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“If the people believe there’s an imaginary river out there, you don’t tell them there’s no river there. You build an imaginary bridge over the imaginary river.” Nikita Khrushchev to Richard Nixon

 

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Nikita Sergeyevich Khrushchev (15 April 1894 – 11 September 1971) led the Soviet Union during part of the Cold War. He served as First Secretary of the Communist Party of the Soviet Union from 1953 to 1964, and as Chairman of the Council of Ministers, or Premier, from 1958 to 1964. Khrushchev was responsible for the de-Stalinization of the Soviet Union, for backing the progress of the early Soviet space program, and for several relatively liberal reforms in areas of domestic policy. Khrushchev’s party colleagues removed him from power in 1964, replacing him with Leonid Brezhnev as First Secretary and Alexei Kosygin as Premier.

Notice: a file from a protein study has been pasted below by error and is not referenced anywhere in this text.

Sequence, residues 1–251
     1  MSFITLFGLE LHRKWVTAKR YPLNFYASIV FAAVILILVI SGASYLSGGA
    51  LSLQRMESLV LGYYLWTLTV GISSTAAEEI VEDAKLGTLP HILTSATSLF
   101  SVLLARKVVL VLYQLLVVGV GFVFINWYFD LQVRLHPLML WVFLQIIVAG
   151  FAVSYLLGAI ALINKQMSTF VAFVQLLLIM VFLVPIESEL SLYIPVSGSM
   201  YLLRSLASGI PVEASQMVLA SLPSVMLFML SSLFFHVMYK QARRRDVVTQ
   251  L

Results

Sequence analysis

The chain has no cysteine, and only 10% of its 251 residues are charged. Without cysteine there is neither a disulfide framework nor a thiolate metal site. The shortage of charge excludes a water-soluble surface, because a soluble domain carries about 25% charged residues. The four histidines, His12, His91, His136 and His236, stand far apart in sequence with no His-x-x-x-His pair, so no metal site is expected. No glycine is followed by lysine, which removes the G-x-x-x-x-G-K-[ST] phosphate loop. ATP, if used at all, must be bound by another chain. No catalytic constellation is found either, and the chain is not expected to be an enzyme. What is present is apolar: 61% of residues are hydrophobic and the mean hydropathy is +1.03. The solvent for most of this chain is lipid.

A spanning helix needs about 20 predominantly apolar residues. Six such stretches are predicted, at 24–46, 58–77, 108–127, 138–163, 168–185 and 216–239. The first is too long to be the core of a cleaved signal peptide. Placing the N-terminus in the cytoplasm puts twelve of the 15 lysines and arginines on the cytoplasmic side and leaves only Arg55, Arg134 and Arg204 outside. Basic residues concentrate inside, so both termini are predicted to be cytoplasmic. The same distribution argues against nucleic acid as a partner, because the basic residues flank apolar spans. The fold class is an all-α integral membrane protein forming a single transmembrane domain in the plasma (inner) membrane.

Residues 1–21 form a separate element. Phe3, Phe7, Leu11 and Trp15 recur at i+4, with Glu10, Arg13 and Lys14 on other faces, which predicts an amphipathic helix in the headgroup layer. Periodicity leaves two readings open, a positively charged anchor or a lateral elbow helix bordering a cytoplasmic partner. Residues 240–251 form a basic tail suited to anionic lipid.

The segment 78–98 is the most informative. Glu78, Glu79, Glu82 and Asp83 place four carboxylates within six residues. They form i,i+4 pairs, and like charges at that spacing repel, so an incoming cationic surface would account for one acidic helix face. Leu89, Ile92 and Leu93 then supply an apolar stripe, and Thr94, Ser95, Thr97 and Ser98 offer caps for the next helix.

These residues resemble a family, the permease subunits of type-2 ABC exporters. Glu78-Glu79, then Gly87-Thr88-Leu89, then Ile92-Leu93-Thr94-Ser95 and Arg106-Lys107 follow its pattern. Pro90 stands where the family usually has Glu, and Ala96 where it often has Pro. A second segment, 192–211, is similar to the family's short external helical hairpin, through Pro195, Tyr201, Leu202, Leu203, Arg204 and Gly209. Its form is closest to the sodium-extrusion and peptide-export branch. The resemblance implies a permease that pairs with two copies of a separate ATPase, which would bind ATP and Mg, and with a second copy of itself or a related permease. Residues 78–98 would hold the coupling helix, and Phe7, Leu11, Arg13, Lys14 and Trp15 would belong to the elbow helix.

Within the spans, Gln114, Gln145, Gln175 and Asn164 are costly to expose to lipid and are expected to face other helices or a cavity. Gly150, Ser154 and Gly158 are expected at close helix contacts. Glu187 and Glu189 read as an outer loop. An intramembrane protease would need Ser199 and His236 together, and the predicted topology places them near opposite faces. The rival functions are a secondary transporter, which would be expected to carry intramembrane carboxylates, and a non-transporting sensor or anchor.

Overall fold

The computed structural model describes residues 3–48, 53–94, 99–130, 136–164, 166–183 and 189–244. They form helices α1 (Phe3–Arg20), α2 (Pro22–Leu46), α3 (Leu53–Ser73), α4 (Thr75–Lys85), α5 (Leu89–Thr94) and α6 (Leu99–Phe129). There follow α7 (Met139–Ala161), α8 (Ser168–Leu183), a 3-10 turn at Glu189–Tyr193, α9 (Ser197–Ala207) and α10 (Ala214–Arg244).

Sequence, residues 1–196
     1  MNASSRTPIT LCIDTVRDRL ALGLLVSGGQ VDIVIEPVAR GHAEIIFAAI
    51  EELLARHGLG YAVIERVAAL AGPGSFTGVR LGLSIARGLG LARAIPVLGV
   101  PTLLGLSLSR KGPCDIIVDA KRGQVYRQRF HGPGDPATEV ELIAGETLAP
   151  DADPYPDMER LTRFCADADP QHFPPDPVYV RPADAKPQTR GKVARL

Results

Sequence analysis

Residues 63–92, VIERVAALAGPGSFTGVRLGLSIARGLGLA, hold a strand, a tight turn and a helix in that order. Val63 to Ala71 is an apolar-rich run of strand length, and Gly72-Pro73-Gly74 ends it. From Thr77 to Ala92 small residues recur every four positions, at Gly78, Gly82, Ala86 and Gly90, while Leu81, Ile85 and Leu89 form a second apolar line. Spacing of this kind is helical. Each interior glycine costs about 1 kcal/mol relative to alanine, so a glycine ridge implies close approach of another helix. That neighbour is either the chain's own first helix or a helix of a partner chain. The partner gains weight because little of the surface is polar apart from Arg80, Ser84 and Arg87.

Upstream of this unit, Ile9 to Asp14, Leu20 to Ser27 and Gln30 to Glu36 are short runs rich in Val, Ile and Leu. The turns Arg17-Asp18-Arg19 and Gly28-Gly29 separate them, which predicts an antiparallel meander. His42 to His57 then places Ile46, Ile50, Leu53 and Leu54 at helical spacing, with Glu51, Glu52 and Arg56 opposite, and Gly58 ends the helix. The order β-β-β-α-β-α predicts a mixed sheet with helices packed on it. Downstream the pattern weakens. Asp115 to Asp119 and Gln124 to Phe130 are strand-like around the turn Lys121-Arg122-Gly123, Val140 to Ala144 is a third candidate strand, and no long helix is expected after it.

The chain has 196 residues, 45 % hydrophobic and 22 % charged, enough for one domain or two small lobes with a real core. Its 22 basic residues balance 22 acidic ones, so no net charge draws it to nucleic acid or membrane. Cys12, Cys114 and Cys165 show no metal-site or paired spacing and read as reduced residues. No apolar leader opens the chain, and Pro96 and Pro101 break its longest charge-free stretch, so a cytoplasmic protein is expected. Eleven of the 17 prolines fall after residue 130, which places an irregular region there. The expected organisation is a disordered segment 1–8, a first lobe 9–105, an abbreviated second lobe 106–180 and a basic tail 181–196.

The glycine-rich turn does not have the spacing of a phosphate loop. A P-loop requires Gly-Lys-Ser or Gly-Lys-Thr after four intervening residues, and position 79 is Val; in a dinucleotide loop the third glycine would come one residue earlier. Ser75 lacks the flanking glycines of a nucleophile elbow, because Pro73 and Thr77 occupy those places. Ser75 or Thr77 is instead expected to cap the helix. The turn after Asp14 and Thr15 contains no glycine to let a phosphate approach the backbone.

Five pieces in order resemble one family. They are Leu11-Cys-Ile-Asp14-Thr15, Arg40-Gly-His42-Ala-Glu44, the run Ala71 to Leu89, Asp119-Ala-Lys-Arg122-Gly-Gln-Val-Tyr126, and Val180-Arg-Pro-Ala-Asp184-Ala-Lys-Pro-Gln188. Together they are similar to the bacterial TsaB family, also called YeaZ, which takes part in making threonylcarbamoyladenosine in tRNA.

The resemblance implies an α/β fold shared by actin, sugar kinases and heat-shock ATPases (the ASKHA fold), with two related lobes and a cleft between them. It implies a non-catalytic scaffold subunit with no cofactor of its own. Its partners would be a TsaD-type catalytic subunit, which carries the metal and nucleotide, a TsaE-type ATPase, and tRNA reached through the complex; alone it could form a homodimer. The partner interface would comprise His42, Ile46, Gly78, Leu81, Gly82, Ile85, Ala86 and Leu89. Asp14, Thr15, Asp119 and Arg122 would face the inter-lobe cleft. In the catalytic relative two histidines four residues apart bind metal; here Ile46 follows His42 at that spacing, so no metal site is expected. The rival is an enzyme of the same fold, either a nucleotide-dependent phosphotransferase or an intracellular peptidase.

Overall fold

Richard Milhous Nixon (January 9, 1913 – April 22, 1994) served as the 37th President of the United States from 1969 until 1974, when he became the only U.S. president to resign from office. Nixon ended American involvement in the war in Vietnam in 1973 and brought the American POWs home, and ended the military draft. Nixon’s visit to the People’s Republic of China in 1972 opened diplomatic relations between the two nations. The year 1973 saw a continuing series of revelations about the Watergate scandal and on August 9, 1974, he resigned in the face of almost certain impeachment and removal from office.